After years of interviewing and researching and writing and rewriting, my new book has finally arrived! As of August 25, 2015, How We Live Now: Redefining Home and Family in the 21st Century has officially been published and should be available, as they say, everywhere books are sold.
My publisher is offering a bundle consisting of (1) How We Live Now; (2) a book club discussion guide for How We Live Now; and (3) the original hardcover edition of Singled Out. Details are here.
[Bella’s intro: Just weeks before my next book, How We Live Now: Redefining Home and Family in the 21st Century, was about to launch, I received a review of my first non-academic book, Singled Out: How Singles Are Stereotyped, Stigmatized, and Ignored, and Still Live Happily Ever After, from Joe Walker, someone I don’t know but now greatly admire! I guess you could call that a biased opinion. Singled Out was first published in hardcover in 2006. Now, nine years later, here is the review I always wished someone would write. Joe Walker sent it to me in the form of a letter. I asked if I could publish it here and he agreed. Thanks, Joe!]
[This post was originally published at Psychology Today. I just discovered that it disappeared! I have no idea why, but I thought I’d just republish it at my own site where I have control over what appears and disappears.]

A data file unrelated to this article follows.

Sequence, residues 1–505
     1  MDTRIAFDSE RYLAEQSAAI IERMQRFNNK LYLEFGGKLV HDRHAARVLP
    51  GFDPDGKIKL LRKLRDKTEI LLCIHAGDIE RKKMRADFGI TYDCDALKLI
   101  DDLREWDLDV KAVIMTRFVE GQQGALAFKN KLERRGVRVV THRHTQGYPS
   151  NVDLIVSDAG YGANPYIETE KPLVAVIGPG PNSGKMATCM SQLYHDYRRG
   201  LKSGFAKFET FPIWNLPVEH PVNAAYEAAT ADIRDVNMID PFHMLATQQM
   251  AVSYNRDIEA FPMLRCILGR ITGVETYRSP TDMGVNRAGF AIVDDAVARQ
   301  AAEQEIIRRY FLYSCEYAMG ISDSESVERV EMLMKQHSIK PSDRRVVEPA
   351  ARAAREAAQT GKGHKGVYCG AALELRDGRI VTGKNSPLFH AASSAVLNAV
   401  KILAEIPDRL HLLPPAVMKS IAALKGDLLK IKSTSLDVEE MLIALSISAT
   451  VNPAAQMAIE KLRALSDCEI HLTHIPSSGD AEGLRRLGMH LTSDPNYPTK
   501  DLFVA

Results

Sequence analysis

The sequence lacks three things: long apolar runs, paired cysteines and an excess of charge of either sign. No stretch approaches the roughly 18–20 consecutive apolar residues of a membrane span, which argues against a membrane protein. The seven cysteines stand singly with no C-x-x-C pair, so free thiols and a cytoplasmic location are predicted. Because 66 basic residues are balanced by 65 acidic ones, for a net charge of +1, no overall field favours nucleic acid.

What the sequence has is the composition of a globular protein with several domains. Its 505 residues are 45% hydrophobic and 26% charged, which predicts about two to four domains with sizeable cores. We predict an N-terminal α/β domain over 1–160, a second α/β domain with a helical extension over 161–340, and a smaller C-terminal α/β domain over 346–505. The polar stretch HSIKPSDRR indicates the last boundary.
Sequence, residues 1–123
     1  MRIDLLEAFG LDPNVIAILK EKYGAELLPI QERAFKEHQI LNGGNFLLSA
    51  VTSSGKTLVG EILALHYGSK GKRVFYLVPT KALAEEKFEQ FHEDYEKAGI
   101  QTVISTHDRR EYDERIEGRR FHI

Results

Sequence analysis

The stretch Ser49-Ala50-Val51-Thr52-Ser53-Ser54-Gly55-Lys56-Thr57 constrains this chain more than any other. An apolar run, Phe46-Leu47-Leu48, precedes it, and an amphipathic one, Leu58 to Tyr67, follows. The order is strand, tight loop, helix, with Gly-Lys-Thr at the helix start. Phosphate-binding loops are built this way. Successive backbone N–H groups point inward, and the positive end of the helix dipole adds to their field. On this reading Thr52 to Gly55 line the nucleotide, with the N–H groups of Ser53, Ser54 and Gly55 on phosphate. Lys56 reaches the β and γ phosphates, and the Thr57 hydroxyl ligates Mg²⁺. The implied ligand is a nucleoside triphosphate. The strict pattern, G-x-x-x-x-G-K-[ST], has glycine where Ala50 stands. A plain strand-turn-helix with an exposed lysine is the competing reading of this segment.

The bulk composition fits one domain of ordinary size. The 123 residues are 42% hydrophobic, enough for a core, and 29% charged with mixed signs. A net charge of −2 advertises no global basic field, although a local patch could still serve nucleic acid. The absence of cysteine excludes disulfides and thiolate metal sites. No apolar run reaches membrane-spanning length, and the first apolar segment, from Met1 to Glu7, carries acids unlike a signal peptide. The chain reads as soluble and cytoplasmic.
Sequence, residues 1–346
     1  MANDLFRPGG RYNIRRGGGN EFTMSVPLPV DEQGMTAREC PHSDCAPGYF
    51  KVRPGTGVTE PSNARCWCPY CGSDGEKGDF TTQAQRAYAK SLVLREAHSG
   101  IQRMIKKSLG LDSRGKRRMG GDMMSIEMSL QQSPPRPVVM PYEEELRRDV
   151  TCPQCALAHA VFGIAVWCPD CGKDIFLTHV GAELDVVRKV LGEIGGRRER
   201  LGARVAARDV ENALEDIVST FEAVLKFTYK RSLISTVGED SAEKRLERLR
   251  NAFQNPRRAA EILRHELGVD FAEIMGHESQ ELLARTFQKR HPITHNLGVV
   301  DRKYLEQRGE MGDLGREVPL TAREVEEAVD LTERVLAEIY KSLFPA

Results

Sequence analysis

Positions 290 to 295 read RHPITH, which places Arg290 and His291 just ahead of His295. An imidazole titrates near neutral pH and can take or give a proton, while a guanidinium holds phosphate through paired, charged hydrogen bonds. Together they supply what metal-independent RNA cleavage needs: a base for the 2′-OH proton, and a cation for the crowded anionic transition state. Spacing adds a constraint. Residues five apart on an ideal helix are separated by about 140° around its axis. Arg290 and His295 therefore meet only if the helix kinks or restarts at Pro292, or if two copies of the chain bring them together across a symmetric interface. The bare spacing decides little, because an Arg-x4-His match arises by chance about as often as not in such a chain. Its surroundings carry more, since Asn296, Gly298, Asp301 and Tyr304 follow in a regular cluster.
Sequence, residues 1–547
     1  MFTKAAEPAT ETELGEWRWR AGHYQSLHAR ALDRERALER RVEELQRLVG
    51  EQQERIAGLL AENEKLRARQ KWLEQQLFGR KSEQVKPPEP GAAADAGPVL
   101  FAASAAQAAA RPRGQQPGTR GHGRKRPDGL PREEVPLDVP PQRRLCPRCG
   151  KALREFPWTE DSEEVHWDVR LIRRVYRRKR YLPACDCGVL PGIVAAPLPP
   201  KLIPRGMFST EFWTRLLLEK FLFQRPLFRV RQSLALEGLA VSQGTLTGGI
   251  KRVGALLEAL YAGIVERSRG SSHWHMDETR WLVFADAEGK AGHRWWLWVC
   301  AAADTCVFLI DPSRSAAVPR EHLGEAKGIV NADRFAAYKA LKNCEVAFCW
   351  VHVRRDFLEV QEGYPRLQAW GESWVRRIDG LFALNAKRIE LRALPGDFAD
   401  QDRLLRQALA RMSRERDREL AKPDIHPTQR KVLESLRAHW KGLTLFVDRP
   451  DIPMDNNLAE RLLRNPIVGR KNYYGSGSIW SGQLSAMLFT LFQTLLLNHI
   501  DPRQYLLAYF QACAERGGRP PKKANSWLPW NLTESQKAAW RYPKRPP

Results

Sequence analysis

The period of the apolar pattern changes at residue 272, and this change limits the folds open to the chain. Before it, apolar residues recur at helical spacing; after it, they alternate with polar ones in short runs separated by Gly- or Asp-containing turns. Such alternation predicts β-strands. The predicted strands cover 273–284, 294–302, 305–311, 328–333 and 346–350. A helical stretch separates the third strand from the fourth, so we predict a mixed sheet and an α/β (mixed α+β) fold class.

In my previous post, I explained why no study has ever shown definitively that getting married causes people to become happier – and no study ever will. Here, I will critique the research (an unpublished working paper by Grover and Helliwell) that set off the latest round of matrimaniacal claims that we single people would be happier if only we would get married. The claims the authors are making are unapologetically causal: They think their research shows that getting married causes people to become happier. It doesn’t. The very premise of their claim (that married people are happier, and we just need to figure out if marriage is causing married people’s greater happiness) is undermined by some of their own findings – not that you would have read much about those results in any of the many media stories gleefully declaring a win for Team Marriage.
It took me forever, but I’m finally on Twitter! The photo you see is what I’m using on my profile page (as well as my actual photo). On Twitter, I’m @belladepaulo and I’m looking for interesting people to follow.
I have been scrutinizing the research on single parents and their children for more than a decade. I’ve learned lots of things, but perhaps the most important one is this: all those predictions you hear about how the children of single parents are doomed are grossly exaggerated or just plain wrong.